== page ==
File Sharing

How to Share Research Files

One of the continuing technical challenges that we face as researchers is how to safely and quickly share data files.  “File sharing” is a hot topic in today’s current events, due to increased attention to intellectual property rights in international politics.  However, there are many legitimate reasons that one might wish to share files: co-authoring of papers, shared use of similar datasets, and large project work and data collection, among others.

With research data file sizes often cresting 25MB, email is neither the quickest not the most secure way of file sharing.  On the other hand, writing data to physical media like a DVD or flash drive is often time-consuming.  The Pop Center Research Computing Core is happy to recommend a few alternatives.

Netstoragefor those at HSPH

Those of us working at HSPH computers may have noticed that the Novell log-in provides us with access not only to the workstation computer, but also to a variety of HSPH network drives.   If open up Windows Explorer, they should appear on the left-hand pane along with your C:/ drive.  There you will find the network directories to which you have access, as well as a P:/ personal drive, to which only you have access. The HSPH storage is appropriate for data at security levels 1-3.

These drives are remotely accessible through HSPH’s Netstorage.  For instructions, and a link to the browser application, please click here:

Once you log in, you may upload or download files to any of the directories that you normally can access from an HSPH computer.  You can “lock” the files so that they will be read-only on he network, while you work on them locally.   Be aware that Netstorage will re-date the creation date of your files to whenever you upload them.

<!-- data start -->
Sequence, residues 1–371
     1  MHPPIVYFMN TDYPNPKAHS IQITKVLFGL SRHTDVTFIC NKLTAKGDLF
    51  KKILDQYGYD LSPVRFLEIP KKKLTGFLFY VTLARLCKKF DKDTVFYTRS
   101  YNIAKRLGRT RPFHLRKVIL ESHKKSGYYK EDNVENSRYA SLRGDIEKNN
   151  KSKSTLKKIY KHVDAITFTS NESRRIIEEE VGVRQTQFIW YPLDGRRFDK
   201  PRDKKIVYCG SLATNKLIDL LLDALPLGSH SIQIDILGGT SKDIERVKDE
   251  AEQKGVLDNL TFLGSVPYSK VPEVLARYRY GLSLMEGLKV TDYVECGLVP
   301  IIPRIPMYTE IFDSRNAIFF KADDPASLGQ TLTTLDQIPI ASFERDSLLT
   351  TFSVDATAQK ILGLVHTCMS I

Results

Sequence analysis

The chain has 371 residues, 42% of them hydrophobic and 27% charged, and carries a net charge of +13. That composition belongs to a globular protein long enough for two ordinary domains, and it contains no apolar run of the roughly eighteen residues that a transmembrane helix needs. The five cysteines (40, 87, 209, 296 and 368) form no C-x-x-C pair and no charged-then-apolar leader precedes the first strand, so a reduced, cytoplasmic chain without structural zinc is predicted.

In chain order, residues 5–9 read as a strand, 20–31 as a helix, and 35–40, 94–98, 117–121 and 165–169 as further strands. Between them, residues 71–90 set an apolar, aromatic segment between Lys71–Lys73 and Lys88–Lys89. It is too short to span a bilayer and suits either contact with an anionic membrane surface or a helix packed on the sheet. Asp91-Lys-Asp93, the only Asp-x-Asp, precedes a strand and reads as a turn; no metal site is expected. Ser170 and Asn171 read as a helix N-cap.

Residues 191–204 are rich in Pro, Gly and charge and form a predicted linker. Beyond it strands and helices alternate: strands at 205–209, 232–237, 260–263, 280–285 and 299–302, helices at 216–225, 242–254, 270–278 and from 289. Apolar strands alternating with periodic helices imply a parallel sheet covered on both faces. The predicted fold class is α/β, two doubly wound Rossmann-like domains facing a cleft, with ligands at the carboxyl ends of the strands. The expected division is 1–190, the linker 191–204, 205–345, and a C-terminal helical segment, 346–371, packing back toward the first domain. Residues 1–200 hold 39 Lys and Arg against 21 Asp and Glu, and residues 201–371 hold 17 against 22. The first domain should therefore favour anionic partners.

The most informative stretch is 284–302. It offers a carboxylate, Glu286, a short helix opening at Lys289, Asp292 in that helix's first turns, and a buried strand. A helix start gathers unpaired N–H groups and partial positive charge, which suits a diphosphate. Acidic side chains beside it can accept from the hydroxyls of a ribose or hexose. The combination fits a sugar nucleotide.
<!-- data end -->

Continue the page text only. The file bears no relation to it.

Accellionfor those at HSPH

The HSPH IT Department also provides a way to securely transfer files, using the Accellion document transfer system.  After signing up for an account, you can upload files to the secure server, and send a link to another person with an Accellion account.

The link to Accellion secure files remains active for 7 days.  This method is preferable for the transfer of large documents, and files that require high data security. It is appropriate for data at security levels 1-3. For more information about setting up an Accellion account, click here:

Harvard-MIT Data Center’s Research Computing Environmentfor those with Harvard affiliation

One of the most effective ways of sharing data that we’ve found, is the HMDC RCE.  This is a remote desktop environment that you can access from any computer.  In addition to being able to utilize the cluster computing resources available on the RCE, you can also use an FTP program to upload file to your personal “home” directory as well as your project directories.  The Pop Center maintains a number of read-only data repositories as well.  RCE storage is appropriate for data at security levels 1-2.

To request an account on the RCE, please email Mack Ramsey and include your name, affiliation, and storage space requirements.  To read more about the RCE please go to:

Dropboxfor everyone

Dropbox is a third-party service that is an excellent and seamless way to synch your files among your computers, as well as the computers of people you have shared folders with.  Once the software is installed, the “Dropbox” folder on your computer automatically contains the same contents as the “Dropbox” folder on all of your other computers.  Simply save files to this folder and the Dropbox software takes care of he rest – you can open the files and edit them, and they will synch automatically.  You can share folders in your “Dropbox” folder with other Dropbox account holders.  This service is free for your first 2GB of storage.  This is not appropriate for research data and should only be used to share documents such as drafts, documentation, codebooks, and the like.

To start using Dropbox, please go to: